Study documents fish kill from hydraulic fracturing fluid

Hydraulic fracturing fluids from nearby natural gas wells probably harmed endangered fish in a Kentucky creek, according to two federal agencies.

In a joint study, the U.S. Geological Survey and the Fish and Wildlife Service said fracturing fluid — a mixture of water, sand and chemicals that is pumped underground to unlock oil and gas — created conditions that likely caused the threatened Blackside dace minnow and other fish to die off when it was spilled in a small Appalachian creek in 2007.

London, Ky.-based Nami Resources Co. pleaded guilty to violating federal endangered species and clean water laws in 2009 in connection with the incident, when subcontractors working at four of the company’s wells failed to properly dispose of fracturing fluids used at the sites. According to the Fish and Wildlife Service, the fluids discharged into the upper reaches of Acorn Fork, a small Appalachian creek, contaminating it with hydrochloric acid and other chemicals.

The fish developed gill lesions and suffered liver and spleen damage consistent with exposure to acidic water and toxic concentrations of heavy metals, according to water and fish samples collected immediately after the incident and analyzed by the two Interior Department agencies.

Read more: Oil companies and environmentalists seek changes to feds’ fracturing rule

Survey scientist Diana Papoulias, the lead author of the study, said the episode “is a precautionary tale of how entire populations could be put at risk even with small-scale fluid spills.”

The study is published in a special edition of Southeastern Naturalist.

According to the report, water in Acorn Fork became more acidic, with the pH level dropping from 7.5 to 5.6, after the fracturing fluids entered the creek. Water samples also showed higher levels of iron, aluminum and other dissolved elements.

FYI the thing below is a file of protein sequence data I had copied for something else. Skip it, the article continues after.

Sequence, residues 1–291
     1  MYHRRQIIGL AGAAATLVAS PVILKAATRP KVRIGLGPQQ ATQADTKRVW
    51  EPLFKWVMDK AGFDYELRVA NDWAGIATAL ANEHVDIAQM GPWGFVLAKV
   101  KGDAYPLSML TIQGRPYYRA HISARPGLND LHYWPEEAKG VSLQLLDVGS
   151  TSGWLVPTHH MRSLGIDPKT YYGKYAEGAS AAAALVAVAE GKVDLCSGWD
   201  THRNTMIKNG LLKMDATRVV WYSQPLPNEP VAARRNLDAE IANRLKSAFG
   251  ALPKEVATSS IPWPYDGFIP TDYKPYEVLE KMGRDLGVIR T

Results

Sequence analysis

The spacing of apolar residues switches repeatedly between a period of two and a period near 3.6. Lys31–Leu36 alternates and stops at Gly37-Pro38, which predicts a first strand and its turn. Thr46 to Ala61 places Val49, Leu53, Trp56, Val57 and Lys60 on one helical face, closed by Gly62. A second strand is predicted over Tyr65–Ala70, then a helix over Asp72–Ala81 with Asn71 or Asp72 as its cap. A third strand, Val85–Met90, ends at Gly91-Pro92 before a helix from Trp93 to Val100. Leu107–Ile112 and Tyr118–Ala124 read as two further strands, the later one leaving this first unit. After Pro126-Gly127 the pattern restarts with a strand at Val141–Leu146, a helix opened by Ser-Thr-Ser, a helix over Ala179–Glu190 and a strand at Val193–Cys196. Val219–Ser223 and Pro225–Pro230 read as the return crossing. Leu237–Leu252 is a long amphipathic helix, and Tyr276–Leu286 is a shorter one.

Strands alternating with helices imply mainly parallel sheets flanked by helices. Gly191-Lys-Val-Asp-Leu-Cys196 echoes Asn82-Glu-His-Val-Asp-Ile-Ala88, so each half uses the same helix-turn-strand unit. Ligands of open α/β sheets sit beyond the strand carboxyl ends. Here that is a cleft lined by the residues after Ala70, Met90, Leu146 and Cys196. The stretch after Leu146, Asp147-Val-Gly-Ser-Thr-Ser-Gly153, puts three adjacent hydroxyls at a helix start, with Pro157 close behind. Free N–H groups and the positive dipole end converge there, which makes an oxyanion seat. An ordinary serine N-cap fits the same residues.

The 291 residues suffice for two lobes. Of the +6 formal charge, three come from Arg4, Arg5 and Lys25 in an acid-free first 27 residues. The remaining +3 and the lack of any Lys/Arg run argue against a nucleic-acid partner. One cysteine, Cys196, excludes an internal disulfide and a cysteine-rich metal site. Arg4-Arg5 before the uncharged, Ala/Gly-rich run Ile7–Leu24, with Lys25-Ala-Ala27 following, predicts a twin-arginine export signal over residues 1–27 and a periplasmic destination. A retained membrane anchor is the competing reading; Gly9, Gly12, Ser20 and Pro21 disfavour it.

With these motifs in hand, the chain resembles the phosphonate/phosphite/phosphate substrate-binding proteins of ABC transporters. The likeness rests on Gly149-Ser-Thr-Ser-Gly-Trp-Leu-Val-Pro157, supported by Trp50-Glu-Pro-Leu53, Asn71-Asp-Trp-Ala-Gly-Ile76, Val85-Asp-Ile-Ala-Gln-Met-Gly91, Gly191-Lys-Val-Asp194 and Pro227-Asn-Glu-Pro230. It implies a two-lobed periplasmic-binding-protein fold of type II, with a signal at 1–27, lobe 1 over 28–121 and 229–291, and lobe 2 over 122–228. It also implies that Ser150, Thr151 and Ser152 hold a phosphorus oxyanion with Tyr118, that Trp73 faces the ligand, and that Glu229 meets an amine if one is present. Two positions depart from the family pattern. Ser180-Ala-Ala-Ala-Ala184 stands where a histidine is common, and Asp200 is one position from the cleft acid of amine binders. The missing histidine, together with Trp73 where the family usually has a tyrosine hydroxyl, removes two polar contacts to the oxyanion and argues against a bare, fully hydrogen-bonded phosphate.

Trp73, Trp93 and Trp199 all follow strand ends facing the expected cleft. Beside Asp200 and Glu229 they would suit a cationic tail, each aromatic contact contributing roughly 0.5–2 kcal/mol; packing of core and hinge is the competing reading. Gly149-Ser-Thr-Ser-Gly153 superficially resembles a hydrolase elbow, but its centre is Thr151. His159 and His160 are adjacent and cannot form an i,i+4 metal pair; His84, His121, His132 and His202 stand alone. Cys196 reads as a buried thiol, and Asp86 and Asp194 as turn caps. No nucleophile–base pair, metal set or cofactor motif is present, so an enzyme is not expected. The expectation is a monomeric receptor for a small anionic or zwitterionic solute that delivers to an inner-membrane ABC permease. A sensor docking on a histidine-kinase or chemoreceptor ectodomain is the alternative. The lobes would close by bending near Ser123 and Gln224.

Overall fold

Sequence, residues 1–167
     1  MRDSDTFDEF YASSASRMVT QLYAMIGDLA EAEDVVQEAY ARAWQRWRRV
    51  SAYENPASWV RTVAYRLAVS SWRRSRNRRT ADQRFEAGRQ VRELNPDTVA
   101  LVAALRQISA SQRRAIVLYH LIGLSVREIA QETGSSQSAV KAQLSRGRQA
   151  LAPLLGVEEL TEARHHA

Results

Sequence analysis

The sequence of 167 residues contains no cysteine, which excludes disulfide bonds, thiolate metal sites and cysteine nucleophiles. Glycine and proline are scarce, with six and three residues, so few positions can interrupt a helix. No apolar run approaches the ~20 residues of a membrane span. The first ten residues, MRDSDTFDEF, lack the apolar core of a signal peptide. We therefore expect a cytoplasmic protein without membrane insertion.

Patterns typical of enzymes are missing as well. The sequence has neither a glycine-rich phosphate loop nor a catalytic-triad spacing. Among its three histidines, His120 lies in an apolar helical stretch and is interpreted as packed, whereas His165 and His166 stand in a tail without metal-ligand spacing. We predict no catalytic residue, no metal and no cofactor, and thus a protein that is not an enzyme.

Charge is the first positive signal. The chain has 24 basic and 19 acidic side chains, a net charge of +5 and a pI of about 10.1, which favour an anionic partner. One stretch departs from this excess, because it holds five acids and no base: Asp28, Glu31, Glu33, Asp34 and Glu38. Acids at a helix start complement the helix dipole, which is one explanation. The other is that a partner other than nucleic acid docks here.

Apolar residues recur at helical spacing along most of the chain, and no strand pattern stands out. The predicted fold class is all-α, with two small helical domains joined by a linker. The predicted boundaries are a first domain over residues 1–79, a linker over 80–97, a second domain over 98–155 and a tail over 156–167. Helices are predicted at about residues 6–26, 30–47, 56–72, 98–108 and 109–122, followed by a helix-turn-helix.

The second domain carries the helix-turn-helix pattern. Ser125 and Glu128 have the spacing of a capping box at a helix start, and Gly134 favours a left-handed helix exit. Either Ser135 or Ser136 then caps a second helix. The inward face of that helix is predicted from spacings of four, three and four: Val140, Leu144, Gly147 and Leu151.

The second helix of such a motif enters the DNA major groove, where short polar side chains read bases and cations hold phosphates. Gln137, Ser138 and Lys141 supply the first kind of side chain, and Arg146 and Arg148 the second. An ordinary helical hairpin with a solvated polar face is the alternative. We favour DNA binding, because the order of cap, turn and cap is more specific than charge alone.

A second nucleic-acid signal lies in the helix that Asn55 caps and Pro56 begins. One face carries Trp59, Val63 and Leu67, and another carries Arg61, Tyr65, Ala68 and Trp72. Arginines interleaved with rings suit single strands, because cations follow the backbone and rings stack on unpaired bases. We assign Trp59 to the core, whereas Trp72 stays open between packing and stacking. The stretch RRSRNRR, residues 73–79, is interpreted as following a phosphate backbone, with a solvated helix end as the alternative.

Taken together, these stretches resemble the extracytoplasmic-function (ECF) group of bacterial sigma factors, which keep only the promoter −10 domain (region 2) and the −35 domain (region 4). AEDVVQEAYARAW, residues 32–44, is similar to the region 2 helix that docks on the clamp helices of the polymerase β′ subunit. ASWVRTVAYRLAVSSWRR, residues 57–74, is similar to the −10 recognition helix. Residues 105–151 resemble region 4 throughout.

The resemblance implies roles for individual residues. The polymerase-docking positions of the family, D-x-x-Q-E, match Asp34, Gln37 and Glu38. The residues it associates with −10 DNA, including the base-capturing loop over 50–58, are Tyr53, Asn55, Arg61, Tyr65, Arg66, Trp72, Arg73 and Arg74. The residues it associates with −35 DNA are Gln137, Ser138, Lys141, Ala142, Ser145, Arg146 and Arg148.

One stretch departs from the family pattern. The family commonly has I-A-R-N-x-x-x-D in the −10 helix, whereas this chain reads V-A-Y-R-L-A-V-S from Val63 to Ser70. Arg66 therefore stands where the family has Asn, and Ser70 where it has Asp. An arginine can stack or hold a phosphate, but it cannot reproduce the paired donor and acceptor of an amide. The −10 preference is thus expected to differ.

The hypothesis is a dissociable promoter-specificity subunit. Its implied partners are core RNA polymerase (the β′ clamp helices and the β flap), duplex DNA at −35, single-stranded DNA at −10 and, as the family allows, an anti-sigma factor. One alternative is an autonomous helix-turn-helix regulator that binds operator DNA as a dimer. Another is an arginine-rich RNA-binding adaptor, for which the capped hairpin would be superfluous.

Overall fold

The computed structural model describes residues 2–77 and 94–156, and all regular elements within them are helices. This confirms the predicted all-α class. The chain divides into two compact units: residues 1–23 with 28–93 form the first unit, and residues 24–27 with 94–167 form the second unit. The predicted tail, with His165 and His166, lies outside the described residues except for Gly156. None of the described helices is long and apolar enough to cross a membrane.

The research comes amid a growing nationwide debate over the use of hydraulic fracturing and horizontal drilling to tap newly accessible oil and gas reserves nationwide.

The oil and gas industry insists that there have been no documented cases of fracturing fluid contaminating underground drinking water supplies. But surface spills of fracturing fluids can cause damage, and natural gas can migrate from poorly cemented and designed wells.

Read more: EPA lets Wyoming officials carry on fracturing investigation

The new government study notes that contamination can compound existing environmental problems, particularly in areas such as the Appalachian Highlands, where mining, logging, agriculture and development have already degraded aquatic ecosystems and fragmented freshwater fish populations.

“As efforts accelerate to unleash new energy sources, application of technolo- gies such as hydraulic fracturing can, if not carefully developed, compound the effects of ecosystem degradation caused by past resource extraction,” the study’s authors write.

The Blackside dace are a minnow found in just three states: Kentucky, Tennessee and Virginia. The ray-finned fish has been listed as a federally threatened species since 1987. The main threat to the fish, which the Fish and Wildlife Service says generally lives in small, isolated groups, is loss of habitat.

The timing of the 2007 spill may have been particularly rough for the Blackside dace, the study authors note, because it occurred during the spawning season. Because it is unclear how many dace were killed after the 2007 spill, the study sought to examine whether fracturing-related degradation of Acorn Fork’s water quality could have harmed the minnow.

Although a fish kill was reported by a resident of the area, researchers arrived at least a month after two wells had been fractured. They observed “one dead, one moribund and several living but distressed Blackside dace, along with three distressed (Creek Chub).”

That limited the scope of the study, the researchers said:

“It is not known how many dace were killed during the 2007 event because two wells had already been fracked, and peak mortality was likely missed before researchers arrived to document the incident,” the authors said. “Therefore, the objective of this opportunistic study was to assess whether (fracturing)-related degradation in Acorn Fork water quality could have harmed or resulted in mortality of the federally protected Blackside Dace.”